Point one is easy enough to explain. In Ontario the Tories ruled for forty-two unbroken years. If you wanted to get elected you joined the Tories. If you wanted to rant against the injustices of life, and were unable to obtain tenure, you joined the NDP or Liberals. A similar phenomenon exists in Alberta today where you have a liberal premier pretending to lead a pseudo-conservative party, while the actual conservative have had to resort creating a new party and naming it after a flower. It's a very nice flower too but it would be nicer still if parties would label themselves properly.
Point two is a bit trickier. The old Progressive Conservative Party traced its origins back to the late 17th century English Tory party. That outfit, of which the current British Tories are a direct organizational descendant, believed in things like the royal prerogative and that society should be governed by a small Anglican oligarchy. In Victorian Canada Anglicans were somewhat thin on the ground, something that has become only more so as the decades have passed. Other religious denominations weren't very keen on letting the Anglicans have all the special favours.
As merit, capitalism and liberal democracy began to sweep the young colony, Canadian Tories found themselves increasingly marginalized. A clever young lawyer named John A Macdonald decided that rather than being conservative - meaning to conserve unearned privilege - the party should be progressive conservative. This was a term he used in correspondence at the time but was only added to the party's official name in the 1940s. In the intervening years the party would use terms like "Liberal-Conservative" instead.
What was a "Liberal-Conservative?" Basically someone who wasn't a classical liberal in Victorian Canada but still wanted to have a shot of gaining power. As industrial production replaced agrarian privilege the Tories, beginning with John A, decided that rather than trying to recreate the British landed aristocracy in Canada, which was doomed to fail, they would instead create a new type of aristocracy based on industry. This was the compelling political logic behind the protectionist National Policy. By creating a class of protected manufacturers they and their workers would have a reason to vote Tory.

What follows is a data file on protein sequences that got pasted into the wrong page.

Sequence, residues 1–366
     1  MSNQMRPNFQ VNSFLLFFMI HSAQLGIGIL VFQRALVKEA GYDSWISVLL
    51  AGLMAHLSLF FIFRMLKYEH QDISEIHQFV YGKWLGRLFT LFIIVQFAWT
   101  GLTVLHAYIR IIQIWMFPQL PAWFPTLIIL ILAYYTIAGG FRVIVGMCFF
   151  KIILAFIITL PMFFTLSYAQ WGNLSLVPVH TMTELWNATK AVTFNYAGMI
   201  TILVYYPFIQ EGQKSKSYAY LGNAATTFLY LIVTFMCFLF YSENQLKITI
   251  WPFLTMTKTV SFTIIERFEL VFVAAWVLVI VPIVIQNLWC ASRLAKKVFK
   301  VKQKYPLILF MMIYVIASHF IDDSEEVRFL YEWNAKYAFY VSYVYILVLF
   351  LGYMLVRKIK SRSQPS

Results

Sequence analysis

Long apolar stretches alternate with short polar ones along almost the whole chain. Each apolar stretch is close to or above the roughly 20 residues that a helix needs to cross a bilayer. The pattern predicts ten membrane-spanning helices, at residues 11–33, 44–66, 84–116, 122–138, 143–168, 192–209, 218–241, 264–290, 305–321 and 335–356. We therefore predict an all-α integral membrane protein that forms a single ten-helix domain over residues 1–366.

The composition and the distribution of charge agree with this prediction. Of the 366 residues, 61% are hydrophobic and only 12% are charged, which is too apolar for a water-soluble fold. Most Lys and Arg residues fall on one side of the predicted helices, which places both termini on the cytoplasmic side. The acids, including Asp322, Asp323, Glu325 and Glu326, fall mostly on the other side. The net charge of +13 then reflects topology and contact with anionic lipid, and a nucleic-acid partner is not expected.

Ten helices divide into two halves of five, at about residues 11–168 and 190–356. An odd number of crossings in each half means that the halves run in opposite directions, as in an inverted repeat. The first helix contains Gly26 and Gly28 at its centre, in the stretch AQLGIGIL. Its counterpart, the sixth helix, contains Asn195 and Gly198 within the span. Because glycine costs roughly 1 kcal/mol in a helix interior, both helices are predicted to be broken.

Politically it was quite successful. The mere mention of free trade was political suicide for over a century. But times changed and people wanted more unearned freebies. Rather than just protecting industry from foreign competition, the Tories, after some initial resistance, dawned upon the idea of supporting the welfare state. Unfortunately the Liberals had already figured out this co-option strategy and were freely stealing ideas from the avowedly socialist CCF (later the NDP).
At the game of giving people free stuff they didn't earn, the Liberals were just better at it than the Tories. But rather than try a different approach, which would require risk and thought, it became the fundamental principle that the Tories would strongly support whatever the Liberals were saying, but in a slightly different way to provide the voters with the illusion of choice. This resulted in eight decades of only sporadically interrupted federal Liberal rule. The Ontario Tories were clever enough to have jumped to the Left of the Liberals early enough that the Grits were never able to capture the electoral high ground.
Canada's first actual conservative party dates from 1987 and the birth of the Reform Party. Whatever his failings, Stephen Harper has provided some political clarity in the muddled world of Canadian politics. That, sad to say, is something of an achievement.